Fig. 2-6. All quasar candidates in a region around NGC1097 identified by X.T. He from a Schmidt, objective prism plate. The size of the PSPC and HRI fields investigated with X-rays are shown dashed.

One quantitative prediction of their model was that a quasar would reach a maxi- mum apogee from the galaxy of about 400 kpc. Now it is very interesting that at the redshift distance of NGC2639, the two quasars are just about 400 kpc from the Seyfert. This would mean that the ejection velocity would have been lost and the quasars would be moving very slowly. Therefore quasars at larger distances from their galaxies of origin might be expected to have more closely matching redshifts regardless of the orientation of their ejection direction to the line of sight. Another aspect, which will be discussed in later chapters, is that quasars probably evolve to lower intrinsic redshifts as they age. In that case quasars of lower redshift would generally be expected to have smaller components of ejection or “peculiar” velocity—more like the galaxies into which they are evolving.

The Seyfert Galaxy NGC1097

NGC1097 has the most extensive, low surface brightness optical jets of any galaxy known. Plate 2-7 shows true color compositing by Jean Lorre of a set of the deepest 4 meter telescope plates ever taken at Cerro Tololo, Chile. On one side, just between the brightest optical jets, is a concentration of 5 or 6 bright quasars. These have been shown to represent an excess of a factor of 20 over expected background values, and about 40 quasars have been demonstrated to be concentrated around the galaxy (Qua- sars, Redshifts and Controversies pp 48-53 and 64). Figure 2-6 shows all the quasar candi- dates in the inner 2.85 × 2.85 degree center of an objective prism plate taken by the U.K. Schmidt telescope in Australia. The Chinese astronomer X.T. He picked these out by the appearance of their spectra; and in a two year observing program in Chile, I was able to verify with individual spectra that his accuracy of quasar identification was an amazing 94%. It is important to note that when this considerable work by a number of people was published in 1983 and 1984, it already established, at that time, the association of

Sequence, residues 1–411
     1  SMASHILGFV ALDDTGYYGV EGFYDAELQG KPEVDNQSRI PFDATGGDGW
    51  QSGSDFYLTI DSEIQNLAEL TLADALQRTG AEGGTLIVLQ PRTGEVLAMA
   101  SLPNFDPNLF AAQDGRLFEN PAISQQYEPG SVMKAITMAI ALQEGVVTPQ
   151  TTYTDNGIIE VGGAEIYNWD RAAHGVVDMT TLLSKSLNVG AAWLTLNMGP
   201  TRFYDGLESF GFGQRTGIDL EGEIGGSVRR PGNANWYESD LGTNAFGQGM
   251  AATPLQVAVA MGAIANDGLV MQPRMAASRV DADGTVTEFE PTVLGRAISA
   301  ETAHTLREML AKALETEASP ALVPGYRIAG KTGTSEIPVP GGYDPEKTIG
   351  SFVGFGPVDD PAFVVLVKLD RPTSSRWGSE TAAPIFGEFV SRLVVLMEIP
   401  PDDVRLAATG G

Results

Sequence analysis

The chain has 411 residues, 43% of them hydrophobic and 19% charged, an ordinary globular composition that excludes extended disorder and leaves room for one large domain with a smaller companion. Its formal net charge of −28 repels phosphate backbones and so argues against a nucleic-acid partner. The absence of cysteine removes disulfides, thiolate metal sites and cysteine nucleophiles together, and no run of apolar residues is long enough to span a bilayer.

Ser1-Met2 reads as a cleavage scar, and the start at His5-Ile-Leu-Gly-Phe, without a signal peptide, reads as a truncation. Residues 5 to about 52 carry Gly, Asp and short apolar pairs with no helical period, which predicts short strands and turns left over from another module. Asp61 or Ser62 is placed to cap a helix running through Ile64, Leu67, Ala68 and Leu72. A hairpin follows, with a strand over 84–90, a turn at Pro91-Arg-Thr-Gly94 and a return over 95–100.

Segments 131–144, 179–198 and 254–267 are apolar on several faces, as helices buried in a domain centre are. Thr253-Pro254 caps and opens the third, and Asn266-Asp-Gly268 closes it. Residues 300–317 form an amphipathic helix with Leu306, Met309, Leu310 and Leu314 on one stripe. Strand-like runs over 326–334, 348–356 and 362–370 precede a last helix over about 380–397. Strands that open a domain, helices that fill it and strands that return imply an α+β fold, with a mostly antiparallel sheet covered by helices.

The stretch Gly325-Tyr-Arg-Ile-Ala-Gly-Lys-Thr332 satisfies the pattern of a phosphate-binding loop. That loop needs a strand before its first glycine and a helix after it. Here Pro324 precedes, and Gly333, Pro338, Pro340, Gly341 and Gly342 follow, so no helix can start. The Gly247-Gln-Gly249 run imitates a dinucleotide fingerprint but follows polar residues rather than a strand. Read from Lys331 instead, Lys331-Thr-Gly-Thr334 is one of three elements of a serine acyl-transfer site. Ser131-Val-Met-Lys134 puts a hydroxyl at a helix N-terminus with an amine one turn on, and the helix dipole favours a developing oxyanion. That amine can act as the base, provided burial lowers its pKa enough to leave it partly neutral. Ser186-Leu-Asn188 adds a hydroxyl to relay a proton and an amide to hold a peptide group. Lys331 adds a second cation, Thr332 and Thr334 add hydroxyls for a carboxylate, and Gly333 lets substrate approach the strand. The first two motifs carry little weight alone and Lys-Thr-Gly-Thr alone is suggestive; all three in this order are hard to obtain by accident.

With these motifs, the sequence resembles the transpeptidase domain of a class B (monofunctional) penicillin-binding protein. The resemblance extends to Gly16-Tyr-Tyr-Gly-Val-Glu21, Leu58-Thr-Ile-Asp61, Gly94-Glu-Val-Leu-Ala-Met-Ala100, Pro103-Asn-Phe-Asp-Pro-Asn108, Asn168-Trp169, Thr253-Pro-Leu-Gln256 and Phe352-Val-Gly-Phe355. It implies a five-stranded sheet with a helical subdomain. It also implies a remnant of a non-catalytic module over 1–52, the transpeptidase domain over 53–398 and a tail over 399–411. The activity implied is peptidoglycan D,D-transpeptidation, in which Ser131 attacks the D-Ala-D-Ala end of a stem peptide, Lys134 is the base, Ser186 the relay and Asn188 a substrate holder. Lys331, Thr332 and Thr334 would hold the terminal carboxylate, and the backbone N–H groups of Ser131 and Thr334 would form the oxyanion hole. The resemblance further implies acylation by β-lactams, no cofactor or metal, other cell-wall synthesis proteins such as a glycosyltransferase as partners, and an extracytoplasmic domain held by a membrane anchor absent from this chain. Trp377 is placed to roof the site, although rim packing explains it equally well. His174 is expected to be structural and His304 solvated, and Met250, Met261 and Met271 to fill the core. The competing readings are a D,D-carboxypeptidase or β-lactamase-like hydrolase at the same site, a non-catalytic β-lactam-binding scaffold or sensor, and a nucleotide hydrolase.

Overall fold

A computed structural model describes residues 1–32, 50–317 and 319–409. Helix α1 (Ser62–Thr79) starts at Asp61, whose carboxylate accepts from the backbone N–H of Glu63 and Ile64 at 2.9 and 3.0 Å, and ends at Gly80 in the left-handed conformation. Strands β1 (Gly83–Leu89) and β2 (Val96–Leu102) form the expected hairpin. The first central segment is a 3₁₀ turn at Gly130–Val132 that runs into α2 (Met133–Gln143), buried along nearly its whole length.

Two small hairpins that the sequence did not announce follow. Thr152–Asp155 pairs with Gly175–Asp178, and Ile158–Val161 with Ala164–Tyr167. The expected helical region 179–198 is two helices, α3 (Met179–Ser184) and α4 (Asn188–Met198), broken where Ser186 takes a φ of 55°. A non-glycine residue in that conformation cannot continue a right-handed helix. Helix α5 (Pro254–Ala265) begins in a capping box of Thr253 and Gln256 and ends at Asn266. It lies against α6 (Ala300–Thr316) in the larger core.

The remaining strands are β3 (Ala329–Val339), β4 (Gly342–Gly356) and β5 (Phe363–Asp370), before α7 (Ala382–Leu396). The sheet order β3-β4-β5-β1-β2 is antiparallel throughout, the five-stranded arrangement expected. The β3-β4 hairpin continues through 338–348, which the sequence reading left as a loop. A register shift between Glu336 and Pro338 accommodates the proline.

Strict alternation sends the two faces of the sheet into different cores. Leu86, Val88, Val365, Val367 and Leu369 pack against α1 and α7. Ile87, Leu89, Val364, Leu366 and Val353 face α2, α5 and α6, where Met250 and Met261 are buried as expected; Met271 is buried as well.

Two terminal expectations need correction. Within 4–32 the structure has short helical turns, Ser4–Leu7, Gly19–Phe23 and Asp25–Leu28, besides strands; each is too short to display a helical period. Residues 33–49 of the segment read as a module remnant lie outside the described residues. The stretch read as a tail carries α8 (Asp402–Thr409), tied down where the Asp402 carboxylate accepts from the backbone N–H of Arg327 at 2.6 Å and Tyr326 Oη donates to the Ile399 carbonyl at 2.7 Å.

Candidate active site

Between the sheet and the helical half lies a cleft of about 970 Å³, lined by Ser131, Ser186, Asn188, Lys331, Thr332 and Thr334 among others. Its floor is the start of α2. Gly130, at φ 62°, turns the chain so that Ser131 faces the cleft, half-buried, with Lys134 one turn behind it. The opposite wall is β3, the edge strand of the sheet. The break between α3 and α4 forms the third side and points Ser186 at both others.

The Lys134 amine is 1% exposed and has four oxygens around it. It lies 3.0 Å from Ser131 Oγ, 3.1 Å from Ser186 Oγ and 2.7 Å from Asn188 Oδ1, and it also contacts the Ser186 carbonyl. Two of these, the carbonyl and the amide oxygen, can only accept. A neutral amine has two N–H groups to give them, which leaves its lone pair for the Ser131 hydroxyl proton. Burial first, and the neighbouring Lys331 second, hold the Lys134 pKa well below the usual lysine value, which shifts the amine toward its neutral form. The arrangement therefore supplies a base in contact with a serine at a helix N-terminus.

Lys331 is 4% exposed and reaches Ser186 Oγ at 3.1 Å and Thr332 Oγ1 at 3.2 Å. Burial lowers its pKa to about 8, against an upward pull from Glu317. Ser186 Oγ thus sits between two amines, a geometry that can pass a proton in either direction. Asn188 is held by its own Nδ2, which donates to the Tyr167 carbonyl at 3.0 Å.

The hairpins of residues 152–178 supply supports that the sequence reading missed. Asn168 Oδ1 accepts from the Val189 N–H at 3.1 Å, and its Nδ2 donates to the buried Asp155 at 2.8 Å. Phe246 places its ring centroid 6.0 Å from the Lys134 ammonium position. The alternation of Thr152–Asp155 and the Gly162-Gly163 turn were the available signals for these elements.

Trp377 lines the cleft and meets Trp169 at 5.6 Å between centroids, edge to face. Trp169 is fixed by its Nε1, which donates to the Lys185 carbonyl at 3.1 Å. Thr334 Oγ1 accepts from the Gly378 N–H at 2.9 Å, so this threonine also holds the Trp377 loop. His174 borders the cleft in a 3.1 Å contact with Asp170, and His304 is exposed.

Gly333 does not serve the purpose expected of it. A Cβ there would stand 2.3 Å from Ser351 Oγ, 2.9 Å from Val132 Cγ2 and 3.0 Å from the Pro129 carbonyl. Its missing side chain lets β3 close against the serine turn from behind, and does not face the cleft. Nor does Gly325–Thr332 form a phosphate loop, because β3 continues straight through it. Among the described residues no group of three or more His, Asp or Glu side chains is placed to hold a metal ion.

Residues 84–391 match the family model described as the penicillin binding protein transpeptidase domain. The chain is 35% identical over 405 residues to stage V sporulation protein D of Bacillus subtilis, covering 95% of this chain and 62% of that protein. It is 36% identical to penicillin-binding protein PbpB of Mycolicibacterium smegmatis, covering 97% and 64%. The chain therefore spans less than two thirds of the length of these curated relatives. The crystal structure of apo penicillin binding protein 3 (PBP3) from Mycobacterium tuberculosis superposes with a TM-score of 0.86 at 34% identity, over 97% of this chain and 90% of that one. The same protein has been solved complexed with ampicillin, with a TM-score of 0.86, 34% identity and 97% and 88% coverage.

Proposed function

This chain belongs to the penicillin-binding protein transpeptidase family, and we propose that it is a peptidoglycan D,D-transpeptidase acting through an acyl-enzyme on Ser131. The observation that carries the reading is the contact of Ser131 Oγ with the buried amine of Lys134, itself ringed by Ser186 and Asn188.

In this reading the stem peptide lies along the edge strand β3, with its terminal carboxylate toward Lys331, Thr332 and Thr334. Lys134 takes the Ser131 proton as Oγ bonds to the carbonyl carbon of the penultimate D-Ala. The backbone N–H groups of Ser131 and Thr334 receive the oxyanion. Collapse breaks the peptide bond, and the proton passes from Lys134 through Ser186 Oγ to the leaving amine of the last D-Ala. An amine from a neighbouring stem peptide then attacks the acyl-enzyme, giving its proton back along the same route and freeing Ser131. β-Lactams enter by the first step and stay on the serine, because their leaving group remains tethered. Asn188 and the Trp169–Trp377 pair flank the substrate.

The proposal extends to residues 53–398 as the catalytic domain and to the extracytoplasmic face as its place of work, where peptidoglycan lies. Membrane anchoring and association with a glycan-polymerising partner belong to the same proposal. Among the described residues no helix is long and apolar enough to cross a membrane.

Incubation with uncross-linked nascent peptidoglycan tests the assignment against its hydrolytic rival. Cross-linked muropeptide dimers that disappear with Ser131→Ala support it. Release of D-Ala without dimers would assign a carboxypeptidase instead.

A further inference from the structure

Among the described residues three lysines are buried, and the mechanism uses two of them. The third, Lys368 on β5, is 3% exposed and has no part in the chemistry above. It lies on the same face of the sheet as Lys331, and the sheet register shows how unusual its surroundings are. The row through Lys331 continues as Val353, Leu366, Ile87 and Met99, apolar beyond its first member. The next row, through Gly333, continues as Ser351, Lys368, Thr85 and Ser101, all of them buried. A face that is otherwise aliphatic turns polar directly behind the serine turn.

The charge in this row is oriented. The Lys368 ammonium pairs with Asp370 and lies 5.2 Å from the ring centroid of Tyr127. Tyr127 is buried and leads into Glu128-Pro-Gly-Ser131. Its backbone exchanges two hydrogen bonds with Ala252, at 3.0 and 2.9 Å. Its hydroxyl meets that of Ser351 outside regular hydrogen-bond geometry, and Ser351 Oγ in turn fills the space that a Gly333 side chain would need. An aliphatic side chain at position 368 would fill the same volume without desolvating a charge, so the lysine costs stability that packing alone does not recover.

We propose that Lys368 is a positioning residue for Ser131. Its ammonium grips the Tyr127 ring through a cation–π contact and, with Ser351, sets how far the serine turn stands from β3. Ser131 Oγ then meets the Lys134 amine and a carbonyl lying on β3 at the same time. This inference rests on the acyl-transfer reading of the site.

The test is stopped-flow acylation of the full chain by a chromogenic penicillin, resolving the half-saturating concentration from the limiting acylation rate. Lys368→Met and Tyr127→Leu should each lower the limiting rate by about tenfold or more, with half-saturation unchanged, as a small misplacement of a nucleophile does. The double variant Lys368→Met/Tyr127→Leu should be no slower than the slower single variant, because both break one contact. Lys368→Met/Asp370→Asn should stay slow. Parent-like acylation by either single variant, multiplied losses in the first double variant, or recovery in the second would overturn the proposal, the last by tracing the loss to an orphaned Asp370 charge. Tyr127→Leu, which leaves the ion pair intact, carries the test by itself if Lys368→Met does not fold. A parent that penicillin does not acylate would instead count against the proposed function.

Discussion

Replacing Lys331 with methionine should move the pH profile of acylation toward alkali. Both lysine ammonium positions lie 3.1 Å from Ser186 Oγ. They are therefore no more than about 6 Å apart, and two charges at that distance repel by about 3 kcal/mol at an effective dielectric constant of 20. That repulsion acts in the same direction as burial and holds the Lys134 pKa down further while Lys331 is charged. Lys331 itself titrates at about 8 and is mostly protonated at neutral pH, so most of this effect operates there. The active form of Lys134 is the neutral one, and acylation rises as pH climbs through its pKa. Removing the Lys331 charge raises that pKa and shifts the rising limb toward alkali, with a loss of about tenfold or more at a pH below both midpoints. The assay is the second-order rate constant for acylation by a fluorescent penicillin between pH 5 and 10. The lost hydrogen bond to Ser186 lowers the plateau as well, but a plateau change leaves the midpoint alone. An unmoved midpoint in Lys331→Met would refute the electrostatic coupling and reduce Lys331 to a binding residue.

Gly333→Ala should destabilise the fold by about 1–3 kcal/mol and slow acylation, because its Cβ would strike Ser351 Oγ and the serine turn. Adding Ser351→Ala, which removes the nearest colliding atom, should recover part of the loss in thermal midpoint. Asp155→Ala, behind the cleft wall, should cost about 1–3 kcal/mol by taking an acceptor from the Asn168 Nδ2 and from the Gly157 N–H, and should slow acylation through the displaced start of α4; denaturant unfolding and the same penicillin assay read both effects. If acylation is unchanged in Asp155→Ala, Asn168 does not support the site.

Seyfert Galaxies

Fig. 2-7. Enhanced, star removed, composite (by Jean Lorre) photographs of NGC1097 showing luminous, crossed jets. Below center is the PSPC X-ray map of the field with known X-ray quasars numbered 24 through 28. Note faint, unidentified X-ray sources on the other side from the X- ray bright quasars. Bottom right shows an enlarged map in radio wavelengths with the two strongest jet directions marked.

wavelengths with the two strongest jet directions marked. quasars around this one Seyfert galaxy that we